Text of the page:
By Hannah Grieco of hgrieco.com
We are a pet-obsessed house. We’ve owned dogs, hermit crabs, a Betta, and our fair share of rodents. We once had two delightful gerbil sisters, one white and one black. My middle daughter, six at the time, named them Puffy and Bob.
They ate from our hands and liked to be pet. They tolerated hard squeezes from my toddler and abrupt, loud noises from my autistic 8-year-old. Relaxing in my son’s lap, letting my daughters put little outfits on them, Puffy and Bob were exceptional representatives of their species.
So, we were all shocked to come home one afternoon and find that Bob, in what we would later discover was not uncommon gerbil behavior, had risen up against her social status of second-in-command. She’d staged a coup, or perhaps just attempted homicide. Blood covered the cage and both gerbils. I eventually ascertained that almost all of it was Puffy’s.
Puffy had already visited the exotic vet once to get a small sore examined. While there, I received an estimate of $900 for an ultrasound and overnight stay. I asked for antibiotics instead, much to the disapproval of the vet, who bluntly informed me that pet ownership was a responsibility that perhaps I wasn’t ready for. We left with antibiotics and a $165 bill that day.
For context: I adopted these gerbils from the pet store for $15. After that, I promised my husband I would not take another rodent to the vet.
Now here we were, my three distraught children and I, staring at a bloody, dying gerbil and her injured, attempted-murderer sister. My husband was traveling for work that week and answered my desperate text with, “Put the gerbil in a paper bag and run over it.” I called him a monster. He sent me back a poop emoji.
My son’s behavioral therapist walked in the front door as I texted back a photo of my middle finger.
I assured all three children that Puffy was going to be just fine and sent them out back to play, then sat down and explained the situation to the only other adult I had access to. The patient man listened with a straight face and then offered his professional advice.
“Listen, it’s important that we reduce the drama in this house. Clearly both of these gerbils are going to die. Put them outside under a bush and let something eat them.”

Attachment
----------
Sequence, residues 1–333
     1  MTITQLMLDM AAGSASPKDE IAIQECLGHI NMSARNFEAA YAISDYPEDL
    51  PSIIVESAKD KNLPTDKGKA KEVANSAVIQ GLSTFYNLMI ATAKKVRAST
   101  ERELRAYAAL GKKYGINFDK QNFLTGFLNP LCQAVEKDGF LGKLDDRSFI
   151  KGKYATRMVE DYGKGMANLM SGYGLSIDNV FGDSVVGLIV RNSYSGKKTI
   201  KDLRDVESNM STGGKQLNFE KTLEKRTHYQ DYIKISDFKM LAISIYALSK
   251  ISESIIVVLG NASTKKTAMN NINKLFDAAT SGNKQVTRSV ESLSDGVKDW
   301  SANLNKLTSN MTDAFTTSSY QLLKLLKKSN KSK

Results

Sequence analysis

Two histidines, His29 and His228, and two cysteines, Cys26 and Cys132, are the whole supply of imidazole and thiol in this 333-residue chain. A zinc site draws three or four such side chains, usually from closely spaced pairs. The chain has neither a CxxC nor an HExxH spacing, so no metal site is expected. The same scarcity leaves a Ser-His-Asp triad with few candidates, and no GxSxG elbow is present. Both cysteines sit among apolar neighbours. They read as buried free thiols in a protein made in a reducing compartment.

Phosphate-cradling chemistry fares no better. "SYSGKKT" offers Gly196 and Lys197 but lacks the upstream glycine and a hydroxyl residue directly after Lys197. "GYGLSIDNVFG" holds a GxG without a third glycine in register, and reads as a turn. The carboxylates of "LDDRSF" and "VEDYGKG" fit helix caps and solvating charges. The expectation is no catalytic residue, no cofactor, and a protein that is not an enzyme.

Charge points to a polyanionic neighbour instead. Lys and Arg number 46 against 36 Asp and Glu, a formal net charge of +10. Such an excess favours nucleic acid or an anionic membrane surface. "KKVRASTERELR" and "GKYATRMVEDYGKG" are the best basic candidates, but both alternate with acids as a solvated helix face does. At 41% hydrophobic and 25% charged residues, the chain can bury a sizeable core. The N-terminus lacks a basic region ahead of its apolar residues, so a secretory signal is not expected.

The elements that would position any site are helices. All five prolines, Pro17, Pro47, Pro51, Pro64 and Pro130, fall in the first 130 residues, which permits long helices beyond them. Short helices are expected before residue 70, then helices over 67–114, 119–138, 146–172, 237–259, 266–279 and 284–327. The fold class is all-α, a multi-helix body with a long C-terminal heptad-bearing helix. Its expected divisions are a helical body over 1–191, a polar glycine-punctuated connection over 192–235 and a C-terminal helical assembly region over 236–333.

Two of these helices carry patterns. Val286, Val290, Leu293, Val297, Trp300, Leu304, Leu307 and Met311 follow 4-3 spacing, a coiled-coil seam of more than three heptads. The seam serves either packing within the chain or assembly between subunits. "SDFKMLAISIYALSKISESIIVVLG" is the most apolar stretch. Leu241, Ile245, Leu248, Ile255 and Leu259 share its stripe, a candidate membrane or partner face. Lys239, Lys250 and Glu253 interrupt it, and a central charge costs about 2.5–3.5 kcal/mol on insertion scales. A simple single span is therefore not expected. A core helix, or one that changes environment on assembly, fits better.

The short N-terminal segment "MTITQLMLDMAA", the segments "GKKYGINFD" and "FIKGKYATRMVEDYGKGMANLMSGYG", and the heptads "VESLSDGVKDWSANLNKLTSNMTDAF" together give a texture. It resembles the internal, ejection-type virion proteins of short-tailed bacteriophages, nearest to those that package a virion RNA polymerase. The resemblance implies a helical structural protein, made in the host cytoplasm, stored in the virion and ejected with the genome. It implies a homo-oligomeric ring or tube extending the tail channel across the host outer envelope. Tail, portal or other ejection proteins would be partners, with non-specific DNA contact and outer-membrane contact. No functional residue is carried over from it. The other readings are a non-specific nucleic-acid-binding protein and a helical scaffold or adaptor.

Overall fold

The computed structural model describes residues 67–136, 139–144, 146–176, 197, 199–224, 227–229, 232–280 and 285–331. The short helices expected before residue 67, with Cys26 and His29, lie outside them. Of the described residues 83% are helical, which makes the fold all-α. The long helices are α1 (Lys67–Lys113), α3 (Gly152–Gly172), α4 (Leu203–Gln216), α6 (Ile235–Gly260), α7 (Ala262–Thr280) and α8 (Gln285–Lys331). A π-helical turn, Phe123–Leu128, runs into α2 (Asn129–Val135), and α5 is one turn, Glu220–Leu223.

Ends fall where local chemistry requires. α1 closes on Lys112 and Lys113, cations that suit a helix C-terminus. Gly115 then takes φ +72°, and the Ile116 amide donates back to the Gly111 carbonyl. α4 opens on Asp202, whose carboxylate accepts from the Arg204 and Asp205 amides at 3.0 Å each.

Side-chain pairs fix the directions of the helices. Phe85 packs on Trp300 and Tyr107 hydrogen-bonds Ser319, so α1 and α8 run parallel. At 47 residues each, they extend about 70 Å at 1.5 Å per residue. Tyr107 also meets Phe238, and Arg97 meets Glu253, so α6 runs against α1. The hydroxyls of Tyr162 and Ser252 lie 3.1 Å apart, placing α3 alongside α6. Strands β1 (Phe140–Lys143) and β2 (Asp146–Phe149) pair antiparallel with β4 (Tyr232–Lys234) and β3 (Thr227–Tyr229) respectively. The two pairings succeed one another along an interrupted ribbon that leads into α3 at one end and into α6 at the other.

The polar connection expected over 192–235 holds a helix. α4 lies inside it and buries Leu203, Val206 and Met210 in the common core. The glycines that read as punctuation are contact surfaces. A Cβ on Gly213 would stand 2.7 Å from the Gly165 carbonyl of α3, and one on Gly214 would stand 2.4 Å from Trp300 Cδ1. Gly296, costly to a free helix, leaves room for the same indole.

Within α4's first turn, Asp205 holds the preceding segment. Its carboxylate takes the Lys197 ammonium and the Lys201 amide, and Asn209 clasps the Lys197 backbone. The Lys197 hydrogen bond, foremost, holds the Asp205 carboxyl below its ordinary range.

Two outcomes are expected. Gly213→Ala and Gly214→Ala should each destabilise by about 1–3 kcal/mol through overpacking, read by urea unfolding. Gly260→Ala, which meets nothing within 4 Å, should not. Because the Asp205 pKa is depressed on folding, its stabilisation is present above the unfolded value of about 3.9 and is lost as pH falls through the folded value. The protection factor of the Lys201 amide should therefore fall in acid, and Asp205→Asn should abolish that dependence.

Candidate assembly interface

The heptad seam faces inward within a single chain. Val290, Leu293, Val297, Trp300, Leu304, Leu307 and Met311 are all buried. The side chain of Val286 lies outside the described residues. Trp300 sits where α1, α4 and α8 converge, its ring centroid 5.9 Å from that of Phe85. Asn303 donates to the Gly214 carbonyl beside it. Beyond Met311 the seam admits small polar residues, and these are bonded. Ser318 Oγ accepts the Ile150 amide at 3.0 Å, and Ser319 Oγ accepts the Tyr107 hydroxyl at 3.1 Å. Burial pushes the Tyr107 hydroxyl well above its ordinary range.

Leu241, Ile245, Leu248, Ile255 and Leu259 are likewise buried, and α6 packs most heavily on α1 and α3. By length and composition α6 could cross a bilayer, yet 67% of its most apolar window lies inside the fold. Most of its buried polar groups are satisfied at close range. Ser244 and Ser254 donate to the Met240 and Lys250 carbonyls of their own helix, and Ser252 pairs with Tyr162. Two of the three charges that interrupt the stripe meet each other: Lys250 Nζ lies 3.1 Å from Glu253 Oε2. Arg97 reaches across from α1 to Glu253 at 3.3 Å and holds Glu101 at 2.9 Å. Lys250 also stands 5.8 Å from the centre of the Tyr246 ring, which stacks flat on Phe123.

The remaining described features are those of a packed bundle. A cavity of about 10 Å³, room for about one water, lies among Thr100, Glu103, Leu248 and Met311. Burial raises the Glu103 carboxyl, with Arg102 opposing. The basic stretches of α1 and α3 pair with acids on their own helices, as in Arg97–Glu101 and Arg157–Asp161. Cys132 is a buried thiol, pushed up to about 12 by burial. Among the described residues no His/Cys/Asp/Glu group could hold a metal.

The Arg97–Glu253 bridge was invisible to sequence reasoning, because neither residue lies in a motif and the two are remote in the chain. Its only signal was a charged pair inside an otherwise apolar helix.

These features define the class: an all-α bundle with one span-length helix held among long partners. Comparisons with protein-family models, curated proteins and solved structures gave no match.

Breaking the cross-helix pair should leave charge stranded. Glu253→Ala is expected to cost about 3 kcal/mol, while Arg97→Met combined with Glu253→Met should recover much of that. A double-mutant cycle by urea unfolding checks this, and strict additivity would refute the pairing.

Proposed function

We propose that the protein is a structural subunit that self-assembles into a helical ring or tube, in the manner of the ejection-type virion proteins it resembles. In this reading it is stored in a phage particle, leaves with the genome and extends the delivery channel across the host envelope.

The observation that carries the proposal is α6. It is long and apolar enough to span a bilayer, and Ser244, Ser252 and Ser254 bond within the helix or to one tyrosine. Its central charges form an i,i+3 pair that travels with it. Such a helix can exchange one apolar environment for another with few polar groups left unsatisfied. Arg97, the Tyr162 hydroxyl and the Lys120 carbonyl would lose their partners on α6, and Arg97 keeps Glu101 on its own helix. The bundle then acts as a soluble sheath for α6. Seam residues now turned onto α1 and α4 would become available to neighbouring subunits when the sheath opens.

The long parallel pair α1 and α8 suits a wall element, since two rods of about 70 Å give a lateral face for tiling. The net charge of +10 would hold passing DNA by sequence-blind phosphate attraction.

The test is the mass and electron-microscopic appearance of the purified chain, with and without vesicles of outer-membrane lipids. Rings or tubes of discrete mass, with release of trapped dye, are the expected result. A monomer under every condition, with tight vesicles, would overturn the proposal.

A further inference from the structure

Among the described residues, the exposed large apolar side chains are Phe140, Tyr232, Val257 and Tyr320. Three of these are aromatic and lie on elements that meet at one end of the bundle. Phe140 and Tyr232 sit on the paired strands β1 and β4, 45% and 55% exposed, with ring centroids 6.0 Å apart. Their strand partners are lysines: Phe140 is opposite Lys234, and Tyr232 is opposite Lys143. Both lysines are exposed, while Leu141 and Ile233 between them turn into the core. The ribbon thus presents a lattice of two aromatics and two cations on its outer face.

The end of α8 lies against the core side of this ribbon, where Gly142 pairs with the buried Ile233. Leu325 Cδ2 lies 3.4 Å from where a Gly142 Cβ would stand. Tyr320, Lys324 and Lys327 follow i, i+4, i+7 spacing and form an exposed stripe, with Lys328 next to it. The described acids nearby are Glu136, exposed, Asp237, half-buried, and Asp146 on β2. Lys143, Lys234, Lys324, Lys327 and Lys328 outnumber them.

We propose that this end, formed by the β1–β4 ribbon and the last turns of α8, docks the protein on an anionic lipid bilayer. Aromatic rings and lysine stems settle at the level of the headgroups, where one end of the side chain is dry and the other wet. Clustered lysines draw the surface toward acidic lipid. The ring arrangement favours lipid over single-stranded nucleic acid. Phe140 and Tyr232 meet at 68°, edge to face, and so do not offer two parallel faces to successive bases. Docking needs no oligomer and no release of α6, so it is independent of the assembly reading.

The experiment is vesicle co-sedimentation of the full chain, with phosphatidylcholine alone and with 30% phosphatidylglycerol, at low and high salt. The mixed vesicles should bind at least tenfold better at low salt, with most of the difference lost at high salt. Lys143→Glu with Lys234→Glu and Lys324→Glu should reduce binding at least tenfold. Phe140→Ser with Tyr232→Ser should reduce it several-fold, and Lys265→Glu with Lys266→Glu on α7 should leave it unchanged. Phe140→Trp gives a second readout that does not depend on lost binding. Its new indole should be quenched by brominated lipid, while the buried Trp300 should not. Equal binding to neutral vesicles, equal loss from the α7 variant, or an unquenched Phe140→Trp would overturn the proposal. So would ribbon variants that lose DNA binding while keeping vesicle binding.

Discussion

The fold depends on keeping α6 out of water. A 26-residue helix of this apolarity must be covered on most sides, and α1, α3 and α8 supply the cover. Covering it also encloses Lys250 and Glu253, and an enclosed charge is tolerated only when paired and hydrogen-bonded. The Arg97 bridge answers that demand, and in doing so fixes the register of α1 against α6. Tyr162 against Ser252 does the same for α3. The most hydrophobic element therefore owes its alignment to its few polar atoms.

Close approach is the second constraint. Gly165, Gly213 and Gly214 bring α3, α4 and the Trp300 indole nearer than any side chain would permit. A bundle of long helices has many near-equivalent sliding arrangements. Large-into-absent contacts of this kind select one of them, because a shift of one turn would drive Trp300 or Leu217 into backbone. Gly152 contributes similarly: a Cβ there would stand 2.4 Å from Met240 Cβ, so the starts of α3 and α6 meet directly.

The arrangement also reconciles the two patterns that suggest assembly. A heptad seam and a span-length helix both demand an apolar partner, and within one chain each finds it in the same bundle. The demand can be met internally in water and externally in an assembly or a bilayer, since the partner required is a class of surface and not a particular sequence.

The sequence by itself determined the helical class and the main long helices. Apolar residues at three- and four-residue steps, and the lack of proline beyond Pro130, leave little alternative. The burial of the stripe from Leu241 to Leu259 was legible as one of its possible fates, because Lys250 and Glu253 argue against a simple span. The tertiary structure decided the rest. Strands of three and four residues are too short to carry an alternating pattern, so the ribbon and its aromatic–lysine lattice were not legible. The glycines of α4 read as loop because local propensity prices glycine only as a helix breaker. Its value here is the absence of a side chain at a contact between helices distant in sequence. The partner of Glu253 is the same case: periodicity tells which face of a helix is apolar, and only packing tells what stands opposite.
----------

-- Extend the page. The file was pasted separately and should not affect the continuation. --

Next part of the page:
I was shocked. Then thrilled! “That’s genius. Our neighbors have an outdoor cat that catches mice and birds all the time! She practically lives in our yard! But…is that okay to do? Am I a bad mother for not taking these gerbils to the vet?”
“Take them outside.” He patted my hand reassuringly. “I’ll keep the kids occupied.”
I marched them out the front door and around the corner of the house, gently depositing the duo under the raspberry bramble. I hid the cage in the back of my car, then came back in and, per the recommendation of our therapist, told my children an outright lie that their grandfather had swung by to chauffeur our tiny patients to the vet for treatment.
They bought it. The three of them sang songs in tribute to their grandfather as I watched out the window, where the neighbor’s cat appeared, as if by magic, and crept across our lawn toward the garden. Tomorrow we would mourn our loss and soon this would be nothing more than a memory, a lesson learned, fuel for future therapy sessions for us all.
I slept soundly that night because that’s how good mothers sleep. I refused to entertain any guilt about our gerbils getting eaten by a cat, because gerbils shouldn’t murder each other. There are obviously going to be consequences if they choose to do so.
The next day I’d practically forgotten that we’d ever even owned gerbils! My toddler and I were playing in the front yard while her older siblings were at school when I caught a small movement out of the corner of my eye. Suddenly, like a Vietnam flashback: the blood, the cries, the hard choices while under fire.
I handed a bottle of bubbles to my daughter and sat her down on the front step, then snuck around the corner.
Under the thorny branches, right where I’d left them, lay Puffy. Stiff as a board and not eaten by a cat. Huddled next to her: Bob, very much alive, also not eaten by a cat. The temperatures had plunged below forty degrees the night before. Foxes and hawks roamed our neighborhood, in addition to useless outdoor cats. Yet here we were.
I knelt down and Bob, without hesitation, ran through the grass to me. She dove into the safety of my cupped hands, curled up and fell asleep immediately. I noticed her jaw hung down, leaving her mouth wide open even in repose. Was that a battle wound from her sister? Had she fought off the cat? How long ago had Puffy died, and did Bob wonder how this all came to be? Was she aware of her own blood-stained paws?
So many questions.
Thinking quickly, I hid Bob behind my back and convinced my daughter to go watch an episode of Blue’s Clues on the sofa. I shoved Bob back in her cage and carried her in triumphantly.
“Look who grandpa brought back! It’s Bob! She’s okay!”
I then texted our behaviorist and told him exactly what I thought of his advice. I texted my husband and apologized for not running over the gerbils. Later, I told all three kids that while poor Puffy had not made it, Bob seemed to be okay. That she had a broken jaw, and that I had researched broken jaws in rodents and discovered we could feed her human baby food and tiny seeds.
Bob recovered and lived another six months before dying of what was clearly loneliness. She basically moped around, looking for her murdered sister the entire time.
When she passed, my oldest asked, “Do we bury murderers?”
“Yes,” I told him. “Then we never, ever have another rodent for a pet again.”
We now have a dwarf hamster and two guinea pigs.
About the Author
Hannah Grieco is a writer in Arlington, VA. Her essays and short stories can be read in Washington Post, Huffington Post, Motherwell, First for Women, Hobart, Barren Magazine, and more. Find her at www.hgrieco.com and on Twitter at @writesloud.